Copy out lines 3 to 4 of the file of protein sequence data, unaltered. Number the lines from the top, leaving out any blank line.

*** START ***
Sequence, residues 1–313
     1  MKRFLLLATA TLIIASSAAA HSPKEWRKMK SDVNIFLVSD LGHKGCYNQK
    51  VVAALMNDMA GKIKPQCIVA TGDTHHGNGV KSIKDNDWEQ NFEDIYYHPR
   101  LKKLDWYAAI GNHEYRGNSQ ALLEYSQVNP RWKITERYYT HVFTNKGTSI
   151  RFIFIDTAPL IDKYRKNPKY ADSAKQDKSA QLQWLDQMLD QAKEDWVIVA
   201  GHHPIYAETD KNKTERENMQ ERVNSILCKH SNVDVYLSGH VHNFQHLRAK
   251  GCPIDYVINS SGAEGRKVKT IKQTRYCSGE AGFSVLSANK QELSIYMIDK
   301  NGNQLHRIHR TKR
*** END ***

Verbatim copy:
    51  VVAALMNDMA GKIKPQCIVA TGDTHHGNGV KSIKDNDWEQ NFEDIYYHPR
   101  LKKLDWYAAI GNHEYRGNSQ ALLEYSQVNP RWKITERYYT HVFTNKGTSI